Lyric Theatre

711 Hennepin Avenue,
Minneapolis, MN 55403

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CJ1949
CJ1949 on September 18, 2012 at 4:31 am

The Lyric’s function through most of its life was as a move-over house. Calling it “second run” is not the best terminology to use. It was a move-over house for the larger Minnesota Amusement/Paramount Theatres. The Lyric’s first runs in the 40s and 50s were often lower-studio/B type of pictures. Otherwise it was a move-over house for the Radio City, State, Century theatres. By the 1960s, the State and the Lyric were the only Paramount houses left in the downtown, so the Lyric started playing more first runs of major pictures then. The Radio City closed in 1958 and the Century in 1964. Paramount had given up most of its neighborhood theatres by the end of the 50s to early 60s. The Lyric closed in January 1971 with the first run of “Rio Lobo” which was a Christmas release.

Joe Vogel
Joe Vogel on May 15, 2012 at 7:13 pm

Around 1952, the Lyric Theatre got a new front in the modern style. Before and after photos can be seen on this page of Boxoffice for June 7, 1952.

devans326
devans326 on May 10, 2012 at 6:09 pm

Itswagon — I believe your quote applies to the original Lyric theatre (http://cinematreasures.org/theaters/7210), which was across the street from this namesake.

itswagon
itswagon on May 10, 2012 at 3:05 pm

Part of the Shubert properties.

“Opened in 1885 as the Hennepin Theatre for live performances, the theater became known as the Lyceum in 1905 and was remodeled and renamed the Lyric in 1908. Three years later, in September 1911, Roxy reopened the Lyric for the season, hoping to replicate the Alhambra’s success with film rather than dramatic plays.

Minneapolis would not succumb as easily (to motion pictures) as had Milwaukee. Motion pictures had already offended local reformers, while the city’s legislators looked upon movie theaters as dangerous fire hazards—or worse. “Everyone was antagonistic to pictures,” Roxy would later recall of his early days in Minneapolis, including the clergy, police, merchants, and the city’s educators…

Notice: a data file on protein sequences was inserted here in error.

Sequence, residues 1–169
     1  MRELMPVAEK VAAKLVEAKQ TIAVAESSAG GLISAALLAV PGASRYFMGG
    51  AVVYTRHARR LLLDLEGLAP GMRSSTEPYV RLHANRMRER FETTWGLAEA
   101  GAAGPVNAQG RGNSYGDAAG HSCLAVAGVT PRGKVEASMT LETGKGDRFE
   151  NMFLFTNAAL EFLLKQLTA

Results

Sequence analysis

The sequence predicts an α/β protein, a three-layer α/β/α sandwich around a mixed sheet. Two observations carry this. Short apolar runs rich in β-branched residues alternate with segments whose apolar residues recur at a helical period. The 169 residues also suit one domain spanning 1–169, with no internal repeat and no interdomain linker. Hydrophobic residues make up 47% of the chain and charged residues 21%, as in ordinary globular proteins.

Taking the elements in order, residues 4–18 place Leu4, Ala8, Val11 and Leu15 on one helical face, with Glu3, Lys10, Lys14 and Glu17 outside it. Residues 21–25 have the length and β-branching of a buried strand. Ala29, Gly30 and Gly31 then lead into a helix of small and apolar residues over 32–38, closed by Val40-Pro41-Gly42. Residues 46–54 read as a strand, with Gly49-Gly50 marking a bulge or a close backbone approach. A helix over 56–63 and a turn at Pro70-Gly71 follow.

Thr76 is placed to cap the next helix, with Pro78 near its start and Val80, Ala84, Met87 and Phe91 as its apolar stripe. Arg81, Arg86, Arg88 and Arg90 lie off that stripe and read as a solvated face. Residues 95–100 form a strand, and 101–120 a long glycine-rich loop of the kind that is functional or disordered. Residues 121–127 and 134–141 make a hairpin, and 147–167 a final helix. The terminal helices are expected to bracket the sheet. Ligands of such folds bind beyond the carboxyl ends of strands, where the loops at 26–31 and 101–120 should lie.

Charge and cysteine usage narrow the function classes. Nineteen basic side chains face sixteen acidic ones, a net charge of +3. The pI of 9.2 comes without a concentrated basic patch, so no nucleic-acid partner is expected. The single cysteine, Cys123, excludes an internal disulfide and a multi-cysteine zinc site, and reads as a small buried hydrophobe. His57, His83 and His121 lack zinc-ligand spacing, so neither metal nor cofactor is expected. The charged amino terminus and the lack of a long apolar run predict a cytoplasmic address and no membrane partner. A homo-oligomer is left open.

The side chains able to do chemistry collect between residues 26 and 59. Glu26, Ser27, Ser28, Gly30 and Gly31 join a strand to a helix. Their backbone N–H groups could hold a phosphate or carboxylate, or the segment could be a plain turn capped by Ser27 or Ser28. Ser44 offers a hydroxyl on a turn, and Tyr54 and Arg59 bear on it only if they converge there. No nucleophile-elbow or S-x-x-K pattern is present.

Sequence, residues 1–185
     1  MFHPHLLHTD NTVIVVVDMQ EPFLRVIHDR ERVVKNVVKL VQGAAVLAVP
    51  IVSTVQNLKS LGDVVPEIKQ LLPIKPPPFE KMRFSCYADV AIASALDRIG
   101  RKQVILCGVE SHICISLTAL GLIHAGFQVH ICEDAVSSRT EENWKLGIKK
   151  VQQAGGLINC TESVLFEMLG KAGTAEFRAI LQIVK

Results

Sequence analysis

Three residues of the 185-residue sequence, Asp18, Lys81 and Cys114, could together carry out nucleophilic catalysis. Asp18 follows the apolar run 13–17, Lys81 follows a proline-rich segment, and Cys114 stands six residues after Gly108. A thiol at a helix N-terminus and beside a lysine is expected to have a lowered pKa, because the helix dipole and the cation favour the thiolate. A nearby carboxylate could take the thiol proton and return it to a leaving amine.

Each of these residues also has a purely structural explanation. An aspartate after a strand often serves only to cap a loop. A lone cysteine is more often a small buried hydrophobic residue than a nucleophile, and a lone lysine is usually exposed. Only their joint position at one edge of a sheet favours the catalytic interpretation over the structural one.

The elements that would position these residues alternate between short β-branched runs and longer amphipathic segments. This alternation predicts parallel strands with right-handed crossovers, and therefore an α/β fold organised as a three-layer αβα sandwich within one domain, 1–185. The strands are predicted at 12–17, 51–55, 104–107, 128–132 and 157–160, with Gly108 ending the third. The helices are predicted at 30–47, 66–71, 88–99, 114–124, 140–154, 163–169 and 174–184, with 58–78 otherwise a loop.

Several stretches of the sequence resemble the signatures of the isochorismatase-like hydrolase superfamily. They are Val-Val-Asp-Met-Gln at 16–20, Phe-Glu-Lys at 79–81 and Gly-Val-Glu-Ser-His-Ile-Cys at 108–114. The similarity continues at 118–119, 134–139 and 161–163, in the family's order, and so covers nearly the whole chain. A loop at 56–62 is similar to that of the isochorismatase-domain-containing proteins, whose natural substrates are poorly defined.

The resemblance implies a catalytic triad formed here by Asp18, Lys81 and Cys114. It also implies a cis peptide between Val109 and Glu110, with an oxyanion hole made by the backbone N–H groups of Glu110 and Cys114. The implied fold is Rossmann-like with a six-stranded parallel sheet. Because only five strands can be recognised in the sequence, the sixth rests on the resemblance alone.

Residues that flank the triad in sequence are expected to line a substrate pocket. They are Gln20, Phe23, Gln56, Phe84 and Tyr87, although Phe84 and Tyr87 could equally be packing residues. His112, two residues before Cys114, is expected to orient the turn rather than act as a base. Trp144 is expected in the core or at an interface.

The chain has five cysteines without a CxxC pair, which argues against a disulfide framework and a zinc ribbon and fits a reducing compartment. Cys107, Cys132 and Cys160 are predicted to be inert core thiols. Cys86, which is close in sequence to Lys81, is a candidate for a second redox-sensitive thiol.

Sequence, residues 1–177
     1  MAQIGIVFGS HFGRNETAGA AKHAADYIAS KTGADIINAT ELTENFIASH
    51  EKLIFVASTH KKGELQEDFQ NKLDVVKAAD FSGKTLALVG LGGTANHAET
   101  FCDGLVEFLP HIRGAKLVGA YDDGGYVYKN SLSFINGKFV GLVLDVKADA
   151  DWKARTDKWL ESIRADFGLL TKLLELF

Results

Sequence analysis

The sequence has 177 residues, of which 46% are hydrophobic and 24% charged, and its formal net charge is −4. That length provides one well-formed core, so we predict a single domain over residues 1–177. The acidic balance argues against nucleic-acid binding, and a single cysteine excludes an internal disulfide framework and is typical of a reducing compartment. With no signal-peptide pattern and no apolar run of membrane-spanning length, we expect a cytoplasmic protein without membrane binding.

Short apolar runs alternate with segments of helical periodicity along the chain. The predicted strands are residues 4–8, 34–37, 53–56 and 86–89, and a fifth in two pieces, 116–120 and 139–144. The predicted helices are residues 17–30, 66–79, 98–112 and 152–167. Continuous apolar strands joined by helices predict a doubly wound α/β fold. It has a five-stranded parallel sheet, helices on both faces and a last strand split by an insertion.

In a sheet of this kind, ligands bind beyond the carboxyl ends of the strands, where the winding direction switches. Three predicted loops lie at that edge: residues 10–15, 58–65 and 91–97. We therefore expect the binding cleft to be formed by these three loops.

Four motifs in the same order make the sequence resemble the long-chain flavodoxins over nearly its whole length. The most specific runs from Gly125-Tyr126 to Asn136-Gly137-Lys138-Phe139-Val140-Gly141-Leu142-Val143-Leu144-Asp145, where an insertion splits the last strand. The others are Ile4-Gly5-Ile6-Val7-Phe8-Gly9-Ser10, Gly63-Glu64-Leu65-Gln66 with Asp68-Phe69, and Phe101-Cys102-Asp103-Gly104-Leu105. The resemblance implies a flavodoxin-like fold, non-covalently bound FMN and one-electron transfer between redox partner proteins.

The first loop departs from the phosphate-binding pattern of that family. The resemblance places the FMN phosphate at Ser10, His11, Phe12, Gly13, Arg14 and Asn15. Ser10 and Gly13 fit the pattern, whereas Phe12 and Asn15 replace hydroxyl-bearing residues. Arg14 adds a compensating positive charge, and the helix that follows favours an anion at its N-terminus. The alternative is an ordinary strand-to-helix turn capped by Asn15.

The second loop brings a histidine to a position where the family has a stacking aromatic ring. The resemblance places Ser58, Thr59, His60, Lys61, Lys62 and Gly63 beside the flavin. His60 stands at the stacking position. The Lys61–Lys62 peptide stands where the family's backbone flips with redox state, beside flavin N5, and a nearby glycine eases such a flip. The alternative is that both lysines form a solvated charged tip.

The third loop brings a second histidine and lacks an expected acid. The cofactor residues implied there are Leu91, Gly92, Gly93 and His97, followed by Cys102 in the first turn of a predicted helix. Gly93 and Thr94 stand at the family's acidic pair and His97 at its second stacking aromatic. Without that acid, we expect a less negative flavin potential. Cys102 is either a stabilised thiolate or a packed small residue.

For its reopening on September 18, 1911, Roxy installed a $2,500 pipe organ, a concert grand piano, and the all-women Fadette Orchestra of Boston. He also presented a variety of soloists along with the newly formed Lyric Quartet.251 The opening bill featured the films Sight Seeing in Boston, The Voyageur, The Ruling Passion, Captain Kate, and The Runaway Leopard (ca. 1911).252 All of this was provided for a ticket price of between 10 and 20 cents at the 1,700-seat theater—roughly the same cost as the city’s cheaper nickel and dime houses and dramatically lower than the Lyric’s prices when operated as a legitimate theater.253 Roxy’s new staff included footmen, pages, matrons, and female ushers who courteously assisted all patrons during the four daily hour-and-a-half shows.254 Roxy refurbished the Lyric Theatre as well, elaborately decorating the stage and screen. And with uneven projection in theaters across the city (and throughout the country), the Lyric’s daylight pictures were now intended to encourage repeat attendance, attract women, and boost perceptions. Elsewhere, palms, flowers, and an electric fountain prominently graced the entryway."